Area Forecast Discussion
Issued by NWS Sterling, VA

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FXUS61 KLWX 211420

Area Forecast Discussion
National Weather Service Baltimore MD/Washington DC
1020 AM EDT Sat Apr 21 2018

High pressure over the Great Lakes will slowly move east into
the Northeast U.S. by Sunday night. This high will move offshore
Monday. A low pressure system will bring unsettled weather to
the region Monday night through the middle of next week.


Other than a fairly thin veil of cirrus, skies are mostly clear
across the region thanks to broad high pressure over the Great
Lakes region. Winds are light and variable.

Quiet weather conditions expected much of this weekend as high
pressure remains in control and gradually builds to the east
from the Great Lakes to the Northeast U.S. Light winds and below
normal temperatures are expected as a result. Additional middle
and high clouds will move overhead this afternoon and linger
through tonight. High temperatures should reach the lower to
middle 60s this afternoon. With the additional middle level
clouds and increasing low level dewpoint temperatures, we don`t
anticipate freezing temperatures for a third night in a row
tonight, and in fact it looks like this morning may have been
the last freeze of the season for many areas, or at least for
while. Low temperatures will bottom out in the upper 30s to
lower 40s.


High pressure will continue to provide limited sunshine and
tranquil conditions Sunday into Sunday night. High temperatures
Sunday will reach the lower to middle 60s, while low
temperatures will drop down into the middle 40s and near 40 in
the western ridges and along the Mason-Dixon region. There could
be a sprinkle over the mountains, but it should generally be

As the high pressure moves offshore Monday, winds will become
more persistently from the southeast, bringing additional
moisture into the region. A cut-off low pressure system will
work its way up the East Coast from the Southeast U.S. to the
Carolinas Monday and Monday night. Some rain should begin to
overspread the region from southwest to northeast, beginning
with the central Shenandoah Valley. Temperatures Monday could be
just a few degrees below normal.


Unsettled weather conditions expected Tuesday into Wednesday as
low pressure over the southeastern U.S. and an upper level
cutoff low over TN/KY nears our region. Rain chances will be
increasing during the day on Tuesday from southwest to northeast
as low pressure spreads northeastward. Models trending to favor
the latter half of Tuesday before the rain moves in to the
metro areas, with our far southwestern zones seeing activity
pick up early Tuesday morning. Continued rain chances expected
to persist in to the day on Wednesday as weak surface low
pressure hovers near the Carolina coastline and mid level
troughing starts to dampen a bit. This low pressure area will
move off to the northeast during the day on Wednesday, bringing
a downward trend to shower activity across the region.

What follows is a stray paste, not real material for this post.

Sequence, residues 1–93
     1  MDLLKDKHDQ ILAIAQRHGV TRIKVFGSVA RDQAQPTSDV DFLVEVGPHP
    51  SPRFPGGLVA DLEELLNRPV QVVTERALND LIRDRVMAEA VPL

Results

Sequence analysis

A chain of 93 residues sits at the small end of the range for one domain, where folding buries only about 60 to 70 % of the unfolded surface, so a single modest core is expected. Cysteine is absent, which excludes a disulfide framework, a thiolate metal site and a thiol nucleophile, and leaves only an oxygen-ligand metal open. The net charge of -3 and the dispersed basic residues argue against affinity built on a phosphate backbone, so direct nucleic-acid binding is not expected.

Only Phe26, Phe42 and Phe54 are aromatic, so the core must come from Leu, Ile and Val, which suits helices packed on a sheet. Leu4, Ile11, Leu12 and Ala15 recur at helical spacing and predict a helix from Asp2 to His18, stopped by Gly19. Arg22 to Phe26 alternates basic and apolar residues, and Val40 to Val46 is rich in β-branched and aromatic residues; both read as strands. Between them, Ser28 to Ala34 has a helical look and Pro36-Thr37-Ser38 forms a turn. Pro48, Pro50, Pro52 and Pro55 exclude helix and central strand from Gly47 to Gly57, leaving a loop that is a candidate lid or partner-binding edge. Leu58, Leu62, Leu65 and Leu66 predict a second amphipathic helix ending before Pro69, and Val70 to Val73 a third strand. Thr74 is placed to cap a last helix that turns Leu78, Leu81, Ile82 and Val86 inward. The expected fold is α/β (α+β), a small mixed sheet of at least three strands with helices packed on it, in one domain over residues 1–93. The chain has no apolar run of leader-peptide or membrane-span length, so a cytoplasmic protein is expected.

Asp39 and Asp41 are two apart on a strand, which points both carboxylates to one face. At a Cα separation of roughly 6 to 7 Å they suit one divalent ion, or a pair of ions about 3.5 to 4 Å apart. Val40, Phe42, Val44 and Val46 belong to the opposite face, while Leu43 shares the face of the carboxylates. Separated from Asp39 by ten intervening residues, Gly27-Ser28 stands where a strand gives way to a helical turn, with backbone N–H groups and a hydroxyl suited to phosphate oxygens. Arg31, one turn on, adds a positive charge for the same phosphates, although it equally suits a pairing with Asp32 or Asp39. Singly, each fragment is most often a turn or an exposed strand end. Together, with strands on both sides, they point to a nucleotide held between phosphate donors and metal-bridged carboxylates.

Another shortwave trough will approach from the west Wednesday
night and Thursday as surface low pressure passes to our west,
bringing additional moisture and isentropic lift across the
area. Some model differences remain with regards to the strength
of these features and ultimately the coverage/amount of rain
during this time period. The stubborn mid to upper level
troughing will hang around on Friday, as surface low pressure
passes to our north, and a cold front looks poised to move
through the Mid Atlantic region Friday night.

Below normal temperatures will be maintained Tuesday and
Wednesday with elevated moisture and increased cloud coverage,
with a return to near normal temperatures Thursday and Friday,
potentially breaking the 70 degree mark for portions of the area
to close out the work week.


VFR conditions expected through Monday with light and variable
winds, becoming southeast 5 to 10 knots by Monday afternoon.
MVFR conditions are possible at the CHO terminal Monday night
with some light rain approaching from the southwest.

Sub-VFR conditions expected Tuesday through Wednesday as a
broad area of low pressure will impact the terminals with
increasing rain chances. Heaviest rain and ultimately greatest
flight restrictions will likely occur Tuesday night into
Wednesday morning, where IFR/LIFR conditions will be possible.
Increasing easterly breezes are forecast Tuesday into Wednesday,
with gusts nearing 20 knots Tuesday. As the main area of low
pressure starts to pull away from the area Wednesday, winds will
abate a bit, backing out of the north northeast and turning
light, with MVFR VIS/CIGs likely persisting into Wednesday


No marine hazards expected through Monday morning. Winds will
be light and variable, becoming southeast around 10 knots by
Monday morning. Small craft advisory conditions may be possible
Monday afternoon and night. Winds southeast becoming east 10 to
15 knots with possible gusts up to 20 knots.

A broad area of low pressure will impact the waters Tuesday
into Wednesday, with SCA conditions likely during this time
period as a strong easterly flow develops across the area. As
low pressure starts to move off to the northeast on Wednesday,
sub-SCA conditions forecast to return for the latter half of the


Persistent onshore flow is expected to result in increased
tidal anomalies and possible coastal flooding during the middle
part of next week.




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